Thursday, June 27, 2013


Today was a long and rewarding day.  We woke up at 5:00 that I could take my neupogen shots and arrive at the hospital by 6:30 for the placement of my catheter.   All went well and then we were off to the Rube Walker Blood Center for the start of the stem cell collection process, otherwise known as "Harvest Day".

This picture is of me once I was hooked up to the collection machine.  As you can see, I had the catheter placed in the right side of my neck.  They need to use the catheter because of the large volume of blood that will be extracted and returned to me in a short amount of time.  The nurse told us that during this process my blood will essentially be circulated through my body and this machine at least three times.  

For those of you out there who have tried plasma pheresis this machine should look quite familiar.  This apheresis machine is used for many different types of blood collection.  In my case, today, it was used to collect the plasma and stem cells, separating them from the remaining parts of my blood.  The remaining blood was warmed and returned to my body along with normal saline solution.  It amazes me how this machine is capable of separating all the different parts of our blood.  In this picture, you can see the stem cells that have been collected in the upper right hand corner.  The bag that has the red liquid in it.  One thing to remember when moving large amounts of blood in and out of the body is that your calcium tends to fluctuate.  As a result, you will feel tingling in your lips and hands.  To help prevent this, a bag of calcium is normally given to the patient during this procedure.  Today, I had an unusual amount of tingling in my lips and hands so in addition to the IV bag of calcium, I was also given Tums as often as needed.  Although everyone's experience is a little different, my collection time, or amount of time hooked up to the apheresis machine, was about three hours in length.  This does not include the total amount of time spent in the blood center, which for me was about six hours.  Once the stem cells are collected, they are sent to the blood bank where they are counted.  For the CIDP stem cell transplant, a minimum of 2 million stem cells are required.  I was fortunate that my body gave up 17.89 million of these tiny cells.  In addition, the nurse said that I will still only receive 2 million stem cells during my transplant in July, but the extras will be saved in case I ever need them in the future.  Once my nurse had received word that my stem cell numbers were above the minimum and my platelets were normal, the catheter was removed.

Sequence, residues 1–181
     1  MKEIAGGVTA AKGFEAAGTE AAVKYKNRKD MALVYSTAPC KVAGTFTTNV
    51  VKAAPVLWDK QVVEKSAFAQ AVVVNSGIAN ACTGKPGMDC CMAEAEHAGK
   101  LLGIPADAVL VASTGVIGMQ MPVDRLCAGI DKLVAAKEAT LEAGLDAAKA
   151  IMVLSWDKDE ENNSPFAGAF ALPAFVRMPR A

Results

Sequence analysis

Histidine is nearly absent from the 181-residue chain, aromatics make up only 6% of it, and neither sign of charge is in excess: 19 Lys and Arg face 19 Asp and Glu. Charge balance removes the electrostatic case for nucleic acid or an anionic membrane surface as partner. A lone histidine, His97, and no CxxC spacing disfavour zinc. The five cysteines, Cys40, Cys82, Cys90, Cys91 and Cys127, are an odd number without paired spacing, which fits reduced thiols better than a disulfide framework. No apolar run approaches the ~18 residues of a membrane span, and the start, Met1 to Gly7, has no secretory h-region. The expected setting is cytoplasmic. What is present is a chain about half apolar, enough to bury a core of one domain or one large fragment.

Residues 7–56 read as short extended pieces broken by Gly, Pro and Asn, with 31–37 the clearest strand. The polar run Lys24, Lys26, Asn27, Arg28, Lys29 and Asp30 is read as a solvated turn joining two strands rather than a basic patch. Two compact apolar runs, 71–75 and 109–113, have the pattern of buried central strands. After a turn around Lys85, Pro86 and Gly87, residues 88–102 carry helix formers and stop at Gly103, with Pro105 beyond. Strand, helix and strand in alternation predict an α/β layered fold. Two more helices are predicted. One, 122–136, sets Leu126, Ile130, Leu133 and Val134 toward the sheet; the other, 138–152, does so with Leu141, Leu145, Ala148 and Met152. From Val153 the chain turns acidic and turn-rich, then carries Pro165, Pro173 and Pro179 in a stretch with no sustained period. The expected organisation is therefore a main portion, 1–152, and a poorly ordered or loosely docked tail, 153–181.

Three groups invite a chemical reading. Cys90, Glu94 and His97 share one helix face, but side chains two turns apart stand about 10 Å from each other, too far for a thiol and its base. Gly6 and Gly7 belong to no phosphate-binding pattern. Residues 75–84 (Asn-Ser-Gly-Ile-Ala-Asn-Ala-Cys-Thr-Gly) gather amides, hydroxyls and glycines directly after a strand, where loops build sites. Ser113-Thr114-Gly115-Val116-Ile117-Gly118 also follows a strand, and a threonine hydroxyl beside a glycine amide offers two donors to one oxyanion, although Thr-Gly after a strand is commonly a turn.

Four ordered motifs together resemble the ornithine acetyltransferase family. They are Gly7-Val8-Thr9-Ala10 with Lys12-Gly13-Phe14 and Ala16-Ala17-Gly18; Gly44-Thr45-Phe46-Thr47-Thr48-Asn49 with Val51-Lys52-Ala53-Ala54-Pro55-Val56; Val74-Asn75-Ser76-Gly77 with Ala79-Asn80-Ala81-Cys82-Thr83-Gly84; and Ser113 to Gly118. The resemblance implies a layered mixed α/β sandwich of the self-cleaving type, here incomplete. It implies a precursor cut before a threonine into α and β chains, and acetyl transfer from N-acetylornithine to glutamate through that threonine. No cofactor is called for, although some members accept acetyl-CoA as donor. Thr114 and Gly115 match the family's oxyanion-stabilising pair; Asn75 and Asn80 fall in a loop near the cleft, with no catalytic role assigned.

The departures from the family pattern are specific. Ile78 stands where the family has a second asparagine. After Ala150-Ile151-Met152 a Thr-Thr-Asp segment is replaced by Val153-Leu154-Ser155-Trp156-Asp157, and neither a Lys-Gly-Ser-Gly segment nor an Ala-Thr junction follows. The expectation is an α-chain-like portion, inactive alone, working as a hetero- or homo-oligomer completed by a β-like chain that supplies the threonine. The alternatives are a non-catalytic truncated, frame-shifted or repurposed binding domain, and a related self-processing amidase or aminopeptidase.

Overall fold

It was important to Ann and I for our daughters to see first-hand this part of the stem cell process.  The girls were very intrigued as they watched the apheresis machine work its magic.   My hope is that from these experiences our daughters will grow up to have a compassionate heart and an undying determination to continually strive to reach their goals.

Tonight as I lay here exhausted from the day I feel a heavy weight has been lifted off my shoulders now that my stem cell harvest is completed.  As I have reached the midpoint in this journey, my heart goes out to those who are struggling with this disease and don't have the same opportunity as me.  I still have a long windy road to travel, but along the way I want to help as many people as I can.  Ann and I plan to establish a foundation to ease the financial burden of this disease for others and give back for all that we have been given.  It may only be a dollar today, but in time it is our prayer that it will continually grow.  Phillipians 4:12  I know what it is to be in need, and I know what it is to have plenty. I have learned the secret of being content in any and every situation, whether well fed or hungry, whether living in plenty or in want.

1 comment:

  1. What a great day! I have been thinking of you all day and anxious to hear about the harvest. As always, lots of love to you. Aunt barb